As it turns out, the man most directly responsible for the development of Hastings was Samuel D. Hobson of Island Pond, Vermont. In partnership with Eben C. Robinson and George H. Fitzgerald, Hobson (no known relation to Joseph Hobson) soon controlled all of Bean’s Purchase and in June of 1891, with his partners, formed the Wild River Lumber Company to carry on the business of cutting, manufacturing, selling and dealing in lumber, timber and other products of the forest. By this time, Hobson’s plans for the construction of several sawmills and a complete village to carry out this work were already well underway. On land obtained by sale from the Hastings family, Hobson erected his sawmill village, which included two stores, a large boarding house, a school, huge horse barn, blacksmith shop, an engine house, a post office and about twenty houses of varying size. Most buildings sported electric lights powered by a steam-operated dynamo located at the big sawmill. Within a short time, a birch mill and wood alcohol mill (which distilled hard maple, birch and beech into a liquid used as a solvent) were built alongside Evans Brook and added to the community. At its peak, Hastings claimed a population of over three hundred; with the addition of the many woodsmen who lived through the winter in at least six logging camps scattered throughout the Wild River valley, the entire venture involved nearly a thousand people—many of French or Irish heritage.
No doubt the most colorful aspect of Hastings’ short existence as a lumbering town was the construction and operation of the Wild River Railroad, which, from the beginning, was projected as the only way of reaching those timber stands near the headwaters of Wild River, some fourteen miles from the Grand Trunk Railway at Gilead. Of standard gauge, the railroad began operating in 1891 and continued to function—despite frequent washouts and numerous accidents—until October of 1904. Over the course of its short history, the railroad provided relatively easy access to trees on the steep slopes of Wild River’s major tributaries via spur lines that required numerous bridges and, in the case of the Moriah Brook Gorge, a long, spectacular wooden trestle. Both Shay and saddletank engines were utilized for the heaviest work, with a well-used 4-4-0 Portland Company engine employed for switching in the mill yard and making twice-daily runs to Gilead.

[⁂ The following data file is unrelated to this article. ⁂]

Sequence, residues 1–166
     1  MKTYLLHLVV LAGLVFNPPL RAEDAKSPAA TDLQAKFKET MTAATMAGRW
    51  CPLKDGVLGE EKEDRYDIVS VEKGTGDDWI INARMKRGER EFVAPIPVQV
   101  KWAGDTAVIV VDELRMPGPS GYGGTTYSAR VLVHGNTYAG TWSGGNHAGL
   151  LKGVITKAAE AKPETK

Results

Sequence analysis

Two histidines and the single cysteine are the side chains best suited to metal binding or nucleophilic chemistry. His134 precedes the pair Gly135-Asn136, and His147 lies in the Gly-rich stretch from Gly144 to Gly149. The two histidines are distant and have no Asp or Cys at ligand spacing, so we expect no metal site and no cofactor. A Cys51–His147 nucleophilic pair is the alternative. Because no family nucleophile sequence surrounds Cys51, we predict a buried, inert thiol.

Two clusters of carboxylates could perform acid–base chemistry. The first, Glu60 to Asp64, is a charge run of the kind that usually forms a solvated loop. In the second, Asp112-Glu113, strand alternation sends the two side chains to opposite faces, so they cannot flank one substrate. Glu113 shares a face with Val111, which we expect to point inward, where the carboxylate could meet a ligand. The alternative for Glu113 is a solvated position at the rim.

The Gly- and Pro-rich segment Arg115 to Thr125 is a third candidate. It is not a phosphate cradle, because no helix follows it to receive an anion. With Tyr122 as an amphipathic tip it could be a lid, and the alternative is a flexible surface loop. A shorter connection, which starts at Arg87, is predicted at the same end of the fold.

In 1898, with the realization that the supply of old-growth timber in the valley was rapidly coming to an end, Samuel Hobson and his associates sold their entire holdings (including Hastings village) to Daniel Emery of Portland, Maine. That same year, Emery created the Hastings Lumber Company, a name taken directly from the village rather than the Bethel family that still held substantial acreage to the east and south in Batchelder’s Grant. Under the management of this corporation, the sawmill at Hastings increased production to 65,000 board feet per day and the railroad was pushed to its furthest limit. By 1902, however, the denuded slopes east of the Carter Range had given up their wealth; great piles of slash made up of limbs and treetops lay scattered throughout the Wild River valley, creating a tinderbox situation waiting to ignite. The following spring, which was an especially dry one, witnessed some of the most destructive and widespread forest fires ever recorded in the White Mountain region, and the Wild River valley was not spared. What the fires didn’t destroy, flood waters did, so that by July of 1903, only that section of railroad track from Hastings to Gilead was still serviceable. Not surprisingly, by the fall of 1904, the Hastings Lumber Company discontinued operations. Purchased by the Hastings family, the sawmill continued to operate sporadically until about 1910, and the birch and alcohol mills a bit longer. By the end of World War I, the village of Hastings was deserted, and soon thereafter the buildings valuable enough for salvage were dismantled and hauled away. An era had ended.
Bennett, Dean B. Nature and Renewal: Wild River Valley & Beyond. Gardiner, Me.: Tilbury House, Publishers, 2009.
Gove, Bill. Logging Railroads of New Hampshire’s North Country. Littleton, N.H.: Bondcliff Books, 2010.
Wight, D. B. The Wild River Wilderness: A Saga of Northern New England. Littleton, N.H.: Courier Printing Co., Inc., 1971.